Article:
What if you have a serious medical condition, such as high blood pressure, diabetes, or heart problems?

Although it’s tougher and more expensive, it’s still possible to get the coverage you need.

“Unless you’re waiting for a heart transplant or a quadruple bypass, we can get you $100,000 of coverage. It’s possible to get $250,000. It’s not cheap, but we can do it,” Scholz said.

In all the years he’s been in the business, Scholz has never had to turn away a client because he couldn’t get them the coverage they needed.

“The first thing we do is ascertain the person’s health. Then we identify the companies that offer as much coverage as possible,” he said.

It’s part juggling act and part jigsaw puzzle, involving multiple policies, requirements, and deadlines.

Recently, Scholz helped a business partnership of three men, each of whom needed a policy of $300,000 for a loan to remodel their business. Two were healthy, but the third man had untreatable high blood pressure and a history of hospitalization for it.

To make matters worse, by the time they called Scholz, they were just two weeks away from the closing deadline.

In a week’s time, Scholz was able to get one policy for the first man, a combination of two policies for the second, and three policies for the man with health issues—and get all of the assignments to the bank in time for the closing.

To help another client who had serious health problems and needed a construction loan, Scholz arranged for the man’s family members to pledge collateral for part of the loan to reduce the amount of life insurance needed for the rest.

“It’s a matter of knowing the client’s health situation, identifying the companies that will work for them, keeping an eye on deadlines, and working with the client to obtain a balance of speed and cost,” Scholz said.

Changes in Medicine, Changes in Insurance

Coverage for people with serious medical conditions has changed as medicine has found ways to help people manage or even ward off problems that were once routinely considered life-threatening.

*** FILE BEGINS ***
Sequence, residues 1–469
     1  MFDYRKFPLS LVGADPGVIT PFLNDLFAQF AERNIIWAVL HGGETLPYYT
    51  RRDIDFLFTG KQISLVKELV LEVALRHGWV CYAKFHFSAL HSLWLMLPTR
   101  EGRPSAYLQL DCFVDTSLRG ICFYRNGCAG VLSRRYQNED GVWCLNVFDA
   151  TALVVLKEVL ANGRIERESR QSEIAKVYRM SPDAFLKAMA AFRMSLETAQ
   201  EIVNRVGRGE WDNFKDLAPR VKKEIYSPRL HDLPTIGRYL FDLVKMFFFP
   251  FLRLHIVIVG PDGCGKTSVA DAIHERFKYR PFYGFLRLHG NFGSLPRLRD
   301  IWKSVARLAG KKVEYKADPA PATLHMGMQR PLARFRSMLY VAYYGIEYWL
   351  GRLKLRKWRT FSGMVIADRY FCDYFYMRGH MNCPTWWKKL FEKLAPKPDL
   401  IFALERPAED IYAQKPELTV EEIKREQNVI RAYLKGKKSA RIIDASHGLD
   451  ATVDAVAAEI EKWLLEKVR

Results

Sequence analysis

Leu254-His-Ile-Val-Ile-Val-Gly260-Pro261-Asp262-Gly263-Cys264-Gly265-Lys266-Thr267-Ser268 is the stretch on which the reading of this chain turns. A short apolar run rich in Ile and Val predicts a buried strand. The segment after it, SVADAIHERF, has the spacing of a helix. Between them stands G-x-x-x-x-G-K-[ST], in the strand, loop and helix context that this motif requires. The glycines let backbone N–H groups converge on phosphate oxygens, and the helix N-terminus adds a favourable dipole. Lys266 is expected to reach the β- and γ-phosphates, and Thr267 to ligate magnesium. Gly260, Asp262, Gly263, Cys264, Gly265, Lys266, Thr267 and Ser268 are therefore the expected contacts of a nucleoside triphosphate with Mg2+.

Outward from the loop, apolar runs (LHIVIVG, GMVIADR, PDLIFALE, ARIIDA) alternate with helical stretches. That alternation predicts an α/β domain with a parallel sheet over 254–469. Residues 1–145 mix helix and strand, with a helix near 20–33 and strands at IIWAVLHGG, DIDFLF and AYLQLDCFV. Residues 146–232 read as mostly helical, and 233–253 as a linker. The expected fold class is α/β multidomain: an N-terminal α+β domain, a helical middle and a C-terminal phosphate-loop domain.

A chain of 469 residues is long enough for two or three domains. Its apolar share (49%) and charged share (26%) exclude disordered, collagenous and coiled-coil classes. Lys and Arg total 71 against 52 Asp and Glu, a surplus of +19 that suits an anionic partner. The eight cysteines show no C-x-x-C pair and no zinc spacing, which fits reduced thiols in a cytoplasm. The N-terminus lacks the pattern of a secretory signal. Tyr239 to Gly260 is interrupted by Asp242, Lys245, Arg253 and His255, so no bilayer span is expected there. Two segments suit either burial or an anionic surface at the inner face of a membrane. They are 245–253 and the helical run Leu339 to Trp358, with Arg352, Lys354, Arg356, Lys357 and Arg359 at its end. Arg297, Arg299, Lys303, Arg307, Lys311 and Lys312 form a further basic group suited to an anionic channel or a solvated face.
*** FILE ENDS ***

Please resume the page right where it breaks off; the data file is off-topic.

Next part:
In the past, if you were taking medication for high blood pressure, high cholesterol, or diabetes, you often couldn’t get a policy. But over time, as medications have been shown to reduce mortality, insurers have changed their tune. Being on medication won’t necessarily disqualify you. But if you’re on medication for more than one condition, it’s tougher and more expensive to get coverage.

In the face of increased industry competition, some insurance companies have opened their doors too wide. “They take in too many people. They don’t add enough filters. They don’t ask enough questions,” Scholz said. And then they go out of business.

Another change is the abundance of information now available on the internet. Scholz had a client who applied for a no-medical-exam policy and said he was five-foot-ten and weighed 215 pounds. But his driver’s license told a different story: five-foot-seven and 265.

“They think with a no-exam plan, they can get by,” Scholz said of such applicants. “You can’t do that in this day and age.”

Not only is honesty the best policy—it’s also the only way to get a policy.

If you need life insurance to close a small business loan, whether you’re the picture of health or have serious medical problems, True Blue can help. Honesty is our policy, too, and that’s why we share information about specific companies and policies that you won’t find on other sites.